Notre Dame Fighting Irish 4. Notre Dame (202): The Irish will lean heavily on the production of three returning starters and a successful offensive philosophy that led to the second best efficiency in the country last season. It will need to make up for the loss of departed leaders Jerian Grant and Pat Connaughton, but Demetrius Jackson looks like one of the best point guards in the country.
Miami Hurricanes 5. Miami (157): The last time Jim Larranaga had a squad this experienced was in 2013, when Miami won both the ACC regular season and tourney titles. The conference appears to be much stronger at the top than it was three years ago, but this veteran group of Hurricanes could still be a sleeper contender, led by three all-ACC caliber seniors.
Syracuse Orange 6. Syracuse (132): Dajuan Coleman holds the keys to Syracuse’s success this season even if senior Michael Gbinije looks to be the team’s star. After a lackluster finish a year ago, this team could become one of the best in the conference if the pieces fit together well. If the NCAA’s nine-conference game suspension stands for Jim Boeheim, though, it could be tough for the Orange to find their stride.
Florida State Seminoles 7. Florida State (105): The Seminoles are a trendy darkhorse candidate this year thanks to superstar freshman Dwayne Bacon joining Xavier Rathan-Mayes in Tallahassee. Leonard Hamilton will have to find a defensive stopper in the frontcourt, however, if this team wants to crack the top of the league.
LouisvilleLogo 8. Louisville (104): With considerable turmoil surrounding the program off the court, the Cardinals will rely on two graduate transfers and a Hall of Fame coach to navigate the loss of its top four scorers. Never count out Rick Pitino, but he’s facing an uphill climb to succeed in the ACC this season.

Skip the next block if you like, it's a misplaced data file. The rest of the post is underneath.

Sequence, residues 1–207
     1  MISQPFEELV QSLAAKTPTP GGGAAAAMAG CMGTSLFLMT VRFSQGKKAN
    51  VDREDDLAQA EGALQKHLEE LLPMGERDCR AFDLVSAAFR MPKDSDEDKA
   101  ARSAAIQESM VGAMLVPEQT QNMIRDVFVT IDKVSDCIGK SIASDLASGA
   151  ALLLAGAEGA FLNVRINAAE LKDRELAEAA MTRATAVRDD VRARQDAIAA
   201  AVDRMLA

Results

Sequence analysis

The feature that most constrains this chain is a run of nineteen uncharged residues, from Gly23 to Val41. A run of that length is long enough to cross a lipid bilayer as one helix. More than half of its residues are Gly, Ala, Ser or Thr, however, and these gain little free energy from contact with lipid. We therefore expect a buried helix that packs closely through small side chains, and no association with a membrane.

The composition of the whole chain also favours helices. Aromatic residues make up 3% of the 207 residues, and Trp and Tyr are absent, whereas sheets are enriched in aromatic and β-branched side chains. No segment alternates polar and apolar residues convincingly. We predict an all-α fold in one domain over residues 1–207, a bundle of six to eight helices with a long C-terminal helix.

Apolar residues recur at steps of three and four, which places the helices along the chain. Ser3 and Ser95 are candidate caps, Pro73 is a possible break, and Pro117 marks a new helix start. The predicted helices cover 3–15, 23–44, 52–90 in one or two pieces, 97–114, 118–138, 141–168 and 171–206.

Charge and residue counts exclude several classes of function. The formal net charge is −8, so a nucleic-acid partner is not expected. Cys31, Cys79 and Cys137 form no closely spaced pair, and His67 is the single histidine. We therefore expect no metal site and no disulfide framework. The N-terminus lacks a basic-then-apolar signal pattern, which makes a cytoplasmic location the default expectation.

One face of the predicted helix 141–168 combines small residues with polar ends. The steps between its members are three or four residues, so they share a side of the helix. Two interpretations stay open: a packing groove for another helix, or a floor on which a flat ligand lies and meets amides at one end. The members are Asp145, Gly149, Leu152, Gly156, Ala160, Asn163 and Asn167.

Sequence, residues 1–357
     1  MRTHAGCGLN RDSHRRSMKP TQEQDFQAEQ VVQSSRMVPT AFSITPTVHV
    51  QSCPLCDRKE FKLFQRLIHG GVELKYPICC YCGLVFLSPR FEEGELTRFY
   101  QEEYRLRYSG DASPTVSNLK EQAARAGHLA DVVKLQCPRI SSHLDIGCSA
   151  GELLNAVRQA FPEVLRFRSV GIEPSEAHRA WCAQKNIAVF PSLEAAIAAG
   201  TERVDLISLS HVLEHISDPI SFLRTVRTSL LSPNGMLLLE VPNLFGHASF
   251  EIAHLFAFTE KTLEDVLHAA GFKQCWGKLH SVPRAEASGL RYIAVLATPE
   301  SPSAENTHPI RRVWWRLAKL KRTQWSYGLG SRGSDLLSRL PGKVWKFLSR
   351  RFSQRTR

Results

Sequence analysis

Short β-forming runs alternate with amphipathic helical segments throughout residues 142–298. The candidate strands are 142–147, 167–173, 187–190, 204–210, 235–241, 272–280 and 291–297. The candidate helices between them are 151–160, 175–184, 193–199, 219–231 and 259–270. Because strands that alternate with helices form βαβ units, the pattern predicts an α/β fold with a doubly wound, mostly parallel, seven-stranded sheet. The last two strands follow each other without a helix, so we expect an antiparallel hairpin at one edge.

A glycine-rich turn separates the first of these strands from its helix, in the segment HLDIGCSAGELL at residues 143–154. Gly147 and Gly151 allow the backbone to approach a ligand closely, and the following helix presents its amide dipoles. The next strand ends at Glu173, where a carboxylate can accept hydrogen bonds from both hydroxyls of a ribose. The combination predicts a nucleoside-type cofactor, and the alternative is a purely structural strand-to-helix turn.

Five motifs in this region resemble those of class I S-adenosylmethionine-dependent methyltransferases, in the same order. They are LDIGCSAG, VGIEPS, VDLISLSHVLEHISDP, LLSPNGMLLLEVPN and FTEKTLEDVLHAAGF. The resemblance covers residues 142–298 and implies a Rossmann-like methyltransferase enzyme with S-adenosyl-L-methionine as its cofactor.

NC State Wolfpack 9. NC State (81): This team has a lot of good pieces, but how will Cat Barber handle being the alpha dog without big shot Trevor Lacey around? A trim Beejay Anya should terrify ACC players hoping to score in the paint. This team oozes potential, but will need time for everyone to adjust to life without Lacey and Ralston Turner.
Pittsburgh Panthers 10. Pittsburgh (62): Last year’s Panthers were the worst defensive team and among the weakest rebounding units in Jamie Dixon’s long career. As a result, mproving those two areas has been a major topic of discussion for Pittsburgh’s head coach this preseason. Dixon hopes that a pair of graduate transfers are good enough to toughen up the front line, where last year’s problems originated.